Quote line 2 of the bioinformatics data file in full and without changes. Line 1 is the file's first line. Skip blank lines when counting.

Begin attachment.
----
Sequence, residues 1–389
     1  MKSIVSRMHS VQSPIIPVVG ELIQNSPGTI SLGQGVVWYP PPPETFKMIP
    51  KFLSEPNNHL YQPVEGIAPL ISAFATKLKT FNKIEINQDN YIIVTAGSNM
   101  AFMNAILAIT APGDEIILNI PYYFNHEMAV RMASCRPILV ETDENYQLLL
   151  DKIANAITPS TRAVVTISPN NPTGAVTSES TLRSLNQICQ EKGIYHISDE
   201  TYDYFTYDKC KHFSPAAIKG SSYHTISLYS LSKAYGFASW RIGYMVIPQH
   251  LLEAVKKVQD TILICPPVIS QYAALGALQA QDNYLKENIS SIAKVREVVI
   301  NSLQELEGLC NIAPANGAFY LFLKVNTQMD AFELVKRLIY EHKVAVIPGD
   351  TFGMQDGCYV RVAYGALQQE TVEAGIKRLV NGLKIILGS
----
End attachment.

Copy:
     1  MKSIVSRMHS VQSPIIPVVG ELIQNSPGTI SLGQGVVWYP PPPETFKMIP